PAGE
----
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When you pick up a women’s magazine these days, you’re likely find many headlines about how to get rid of belly fat. The media has numerous words for a woman’s fat belly such as tubby-tummy, jelly-belly, pot belly, and for post-menopausal women, the dreaded meno-pudge.
However, these cute names may appear to make the issue sound less than serious and more about your appearance and having a shapely figure. Yes, body image is important, but you also need to find out about the dangers of visceral belly fat.
In a recent Redbook article, "18 Symptoms You Should Never Ignore", the author Beth Janes quoted Elizabeth Klodas, M.D., a Minneapolis cardiologist as saying, "Abdominal fat changes the way our bodies work in profound ways.”
She went on to say that some belly fat can sit deeper and cling to the liver and other vital organs producing hormones that may increase your chances of heart disease, diabetes, some cancers, and dementia. This visceral or intra-abdominal fat is more dangerous than skin-deep fat. "This type of fat accumulation is a health emergency," Klodas said.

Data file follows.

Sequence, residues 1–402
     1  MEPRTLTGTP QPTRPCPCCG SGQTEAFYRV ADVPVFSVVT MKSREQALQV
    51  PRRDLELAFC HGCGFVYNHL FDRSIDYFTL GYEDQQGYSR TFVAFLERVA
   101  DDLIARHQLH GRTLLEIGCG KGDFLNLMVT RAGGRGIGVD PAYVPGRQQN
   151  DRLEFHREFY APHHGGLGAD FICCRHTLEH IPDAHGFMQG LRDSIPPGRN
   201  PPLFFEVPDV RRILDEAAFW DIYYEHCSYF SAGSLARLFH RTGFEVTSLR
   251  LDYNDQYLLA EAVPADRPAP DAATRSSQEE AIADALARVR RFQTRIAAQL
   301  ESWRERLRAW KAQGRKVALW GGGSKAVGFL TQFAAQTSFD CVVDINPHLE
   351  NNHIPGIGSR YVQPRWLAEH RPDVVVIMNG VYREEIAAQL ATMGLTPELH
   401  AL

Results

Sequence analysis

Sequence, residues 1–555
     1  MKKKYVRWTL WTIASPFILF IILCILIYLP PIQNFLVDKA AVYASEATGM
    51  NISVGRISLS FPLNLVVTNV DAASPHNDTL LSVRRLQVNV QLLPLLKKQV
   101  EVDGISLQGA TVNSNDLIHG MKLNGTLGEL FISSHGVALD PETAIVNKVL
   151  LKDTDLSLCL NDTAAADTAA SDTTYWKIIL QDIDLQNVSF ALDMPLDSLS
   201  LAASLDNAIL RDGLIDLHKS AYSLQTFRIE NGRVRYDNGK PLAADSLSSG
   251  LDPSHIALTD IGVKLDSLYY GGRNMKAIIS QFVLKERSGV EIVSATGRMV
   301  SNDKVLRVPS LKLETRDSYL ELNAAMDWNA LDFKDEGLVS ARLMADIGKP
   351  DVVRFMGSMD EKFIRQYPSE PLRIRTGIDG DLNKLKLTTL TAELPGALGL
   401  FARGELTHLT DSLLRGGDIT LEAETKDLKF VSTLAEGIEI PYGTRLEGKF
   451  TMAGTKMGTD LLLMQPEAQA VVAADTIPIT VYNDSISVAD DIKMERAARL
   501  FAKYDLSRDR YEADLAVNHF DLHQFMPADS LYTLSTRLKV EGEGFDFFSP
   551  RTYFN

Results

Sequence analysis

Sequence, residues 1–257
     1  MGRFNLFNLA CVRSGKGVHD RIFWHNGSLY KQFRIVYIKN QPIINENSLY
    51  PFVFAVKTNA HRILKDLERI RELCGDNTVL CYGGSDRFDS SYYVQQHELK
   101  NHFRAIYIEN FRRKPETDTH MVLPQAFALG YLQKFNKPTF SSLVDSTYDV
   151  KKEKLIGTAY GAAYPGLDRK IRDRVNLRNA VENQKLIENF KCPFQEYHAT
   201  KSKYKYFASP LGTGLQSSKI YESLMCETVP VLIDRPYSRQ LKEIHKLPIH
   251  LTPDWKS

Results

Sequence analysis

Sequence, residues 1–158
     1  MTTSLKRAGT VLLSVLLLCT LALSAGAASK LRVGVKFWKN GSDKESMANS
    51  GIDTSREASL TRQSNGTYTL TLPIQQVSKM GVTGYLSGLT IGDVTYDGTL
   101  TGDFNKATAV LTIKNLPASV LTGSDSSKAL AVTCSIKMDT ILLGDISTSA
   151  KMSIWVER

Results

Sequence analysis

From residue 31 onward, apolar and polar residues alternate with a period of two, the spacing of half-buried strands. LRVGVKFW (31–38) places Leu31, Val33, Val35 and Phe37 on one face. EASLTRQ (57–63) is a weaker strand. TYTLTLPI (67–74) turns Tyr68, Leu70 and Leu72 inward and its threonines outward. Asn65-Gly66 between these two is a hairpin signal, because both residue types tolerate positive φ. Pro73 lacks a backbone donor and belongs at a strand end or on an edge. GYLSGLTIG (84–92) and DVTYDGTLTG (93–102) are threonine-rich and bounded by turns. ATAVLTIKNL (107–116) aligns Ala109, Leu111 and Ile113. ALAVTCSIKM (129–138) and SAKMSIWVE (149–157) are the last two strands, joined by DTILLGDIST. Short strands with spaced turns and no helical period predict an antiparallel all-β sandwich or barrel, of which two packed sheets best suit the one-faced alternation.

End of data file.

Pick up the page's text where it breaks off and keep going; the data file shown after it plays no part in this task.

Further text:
"Increased liver fat is dangerous, as it is linked with many known heart disease risk factors," said Marja-Riitta Taskinen, M.D., Ph.D. study co-author and professor of medicine at the University of Helsinki in Finland. "Lifestyle modifications such as exercise and weight loss can reduce liver fat and the secretion of lipoproteins." (Read full article at sciencedaily.com source below)
How do we get rid of this health-threatening fat?
Toning or other abdominal exercises are great for shaping up, but won't help to get rid of belly fat. The good news is that visceral fat responds to the same diet and exercise strategies that are recommended for weight loss.
The Mayo Clinic staff describes an action-plan in its Women’s Health section: Belly fat in women: Taking — and keeping — it off.
See the summary below:
1. Eat a healthy diet. Emphasize plant-based foods, such as fruits, vegetables, whole grains, lean sources of protein and low-fat dairy products. However, limit saturated fat, found in meat and high-fat dairy.